It has now been more than 4 years since the decision by the people of the United Kingdom to depart from the European Union. The European research community was united in shock upon receiving the results of the plebiscite and has since, with many voices and on many occasions, raised concerns that scientific collaboration should be looked at as a global concern rather than a political negotiation piece. Scientists are by nature revelling in discourse and disagreement, yet for once we all shared the same sentiment: we are better off together.
In fact, not only are we better off together, after more than 60 years of growing ever closer, of researchers moving about freely across the continent, of multinational research consortia spearheading most innovative scientific breakthroughs, it is inconceivable to disentangle the many co-operations that exist on so many levels across European academia. And even if we were able to do so, the price to pay would be diminished quality of research, something that we can all agree on would be a step in the wrong direction.
It now seems that at long last, the negotiations on the UK departure from the EU are coming to a close. What started as uncertainty on the conditions of future research association of the UK to the EU is now turning into tense anxiety as firm commitments still go amiss and researchers on both sides of the English Channel fear their tried and trusted collaborations with their partners may soon come to a premature end.
Throughout the process ALLEA has continuously reminded decision-makers on both sides of the table that scientific research must not be used as a pawn in political tit-for-tat. In doing so we did not tire to remind them that partnerships are difficult to build, but easy to destroy. At the moment, we are running the danger of doing the latter without any regard on how to rebuild them after.
As if we needed any more reminders of the vital necessity of international research collaboration, this year’s COVID-19 pandemic has made this point ever more pressing. By giving up on long-established and well-functioning research collaboration mechanisms we risk being worse prepared than better prepared for the global challenges to come, COVID-19 was certainly not the last of them.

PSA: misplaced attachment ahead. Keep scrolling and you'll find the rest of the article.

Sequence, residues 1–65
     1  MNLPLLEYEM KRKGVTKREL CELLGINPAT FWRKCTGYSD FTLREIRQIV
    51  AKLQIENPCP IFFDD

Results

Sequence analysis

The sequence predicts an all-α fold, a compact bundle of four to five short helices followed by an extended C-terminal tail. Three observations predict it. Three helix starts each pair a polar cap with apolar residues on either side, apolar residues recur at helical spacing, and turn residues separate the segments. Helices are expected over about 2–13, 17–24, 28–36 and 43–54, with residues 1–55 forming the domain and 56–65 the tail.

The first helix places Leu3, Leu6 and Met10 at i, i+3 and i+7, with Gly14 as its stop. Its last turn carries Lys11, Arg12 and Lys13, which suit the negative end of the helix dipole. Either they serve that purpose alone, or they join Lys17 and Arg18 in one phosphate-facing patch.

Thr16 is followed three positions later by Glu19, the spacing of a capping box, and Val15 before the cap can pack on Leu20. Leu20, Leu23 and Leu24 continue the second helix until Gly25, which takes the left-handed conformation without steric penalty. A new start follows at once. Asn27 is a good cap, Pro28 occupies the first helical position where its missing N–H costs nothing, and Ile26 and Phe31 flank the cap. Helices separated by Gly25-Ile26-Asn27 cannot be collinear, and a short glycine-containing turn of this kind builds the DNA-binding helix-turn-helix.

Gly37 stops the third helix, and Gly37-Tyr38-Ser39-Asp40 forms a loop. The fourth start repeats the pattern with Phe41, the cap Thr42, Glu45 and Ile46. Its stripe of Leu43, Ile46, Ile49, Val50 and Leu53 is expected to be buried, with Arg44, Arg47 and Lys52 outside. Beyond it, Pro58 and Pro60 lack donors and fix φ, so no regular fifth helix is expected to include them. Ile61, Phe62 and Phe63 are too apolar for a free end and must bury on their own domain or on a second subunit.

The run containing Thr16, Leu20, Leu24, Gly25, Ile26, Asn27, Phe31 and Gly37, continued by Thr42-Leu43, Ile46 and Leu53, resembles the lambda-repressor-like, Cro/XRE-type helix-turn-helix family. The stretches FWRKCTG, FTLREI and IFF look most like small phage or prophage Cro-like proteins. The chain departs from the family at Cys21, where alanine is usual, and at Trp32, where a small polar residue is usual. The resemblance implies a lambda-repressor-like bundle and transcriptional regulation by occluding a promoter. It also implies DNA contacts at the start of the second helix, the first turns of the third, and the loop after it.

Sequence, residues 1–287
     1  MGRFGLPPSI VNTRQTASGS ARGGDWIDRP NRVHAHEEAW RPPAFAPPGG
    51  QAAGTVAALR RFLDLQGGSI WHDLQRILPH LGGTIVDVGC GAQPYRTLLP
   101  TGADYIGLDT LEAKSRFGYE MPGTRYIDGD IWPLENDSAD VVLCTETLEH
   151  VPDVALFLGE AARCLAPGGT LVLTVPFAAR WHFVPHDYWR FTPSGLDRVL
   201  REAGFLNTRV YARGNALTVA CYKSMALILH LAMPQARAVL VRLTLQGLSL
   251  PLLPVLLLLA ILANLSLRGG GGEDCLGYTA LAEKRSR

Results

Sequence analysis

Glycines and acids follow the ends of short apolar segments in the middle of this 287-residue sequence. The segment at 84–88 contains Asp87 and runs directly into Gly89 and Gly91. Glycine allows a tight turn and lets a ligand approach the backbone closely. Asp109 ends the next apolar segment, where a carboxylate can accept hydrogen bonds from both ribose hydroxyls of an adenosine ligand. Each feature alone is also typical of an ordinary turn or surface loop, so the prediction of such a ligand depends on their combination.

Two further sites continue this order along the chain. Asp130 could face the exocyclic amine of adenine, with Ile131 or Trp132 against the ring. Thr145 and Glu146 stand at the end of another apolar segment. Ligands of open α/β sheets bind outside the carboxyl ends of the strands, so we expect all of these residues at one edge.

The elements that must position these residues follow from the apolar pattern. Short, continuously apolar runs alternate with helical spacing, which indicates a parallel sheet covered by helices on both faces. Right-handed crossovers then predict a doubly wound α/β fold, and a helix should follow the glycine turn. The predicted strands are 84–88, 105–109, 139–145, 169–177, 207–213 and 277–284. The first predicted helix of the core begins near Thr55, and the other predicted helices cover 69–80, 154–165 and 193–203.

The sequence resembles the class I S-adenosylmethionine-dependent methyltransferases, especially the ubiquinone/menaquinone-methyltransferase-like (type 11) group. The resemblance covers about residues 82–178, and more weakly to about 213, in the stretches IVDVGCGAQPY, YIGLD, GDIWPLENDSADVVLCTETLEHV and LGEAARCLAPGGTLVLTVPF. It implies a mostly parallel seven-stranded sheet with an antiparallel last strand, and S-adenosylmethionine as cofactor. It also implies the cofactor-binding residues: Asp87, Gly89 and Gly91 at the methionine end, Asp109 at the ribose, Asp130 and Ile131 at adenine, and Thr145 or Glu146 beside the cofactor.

ALLEA therefore can only reaffirm its call, which we share with our UK Member Academies, to ensure the highest degree of participation of UK research institutions in EU research framework programmes. As a Swiss myself, I know all too well what it feels like to be in a limbo when it comes to the relationship with the EU. But precisely for this reason I do know that Switzerland benefits from being part of the European scientific area much more than any perceived or real loss of sovereignty could take away from.
The scientific endeavour inherently does not have a passport, it is a truly global citizen and it would be a shame to restrict its abilities for the purposes of political negotiations. It is therefore my urgent call to everyone involved to let common sense prevail, to show reciprocal trust and to ensure that we can wake up in 2021 knowing that our colleagues and partners from yesterday will still be our colleagues and partners tomorrow.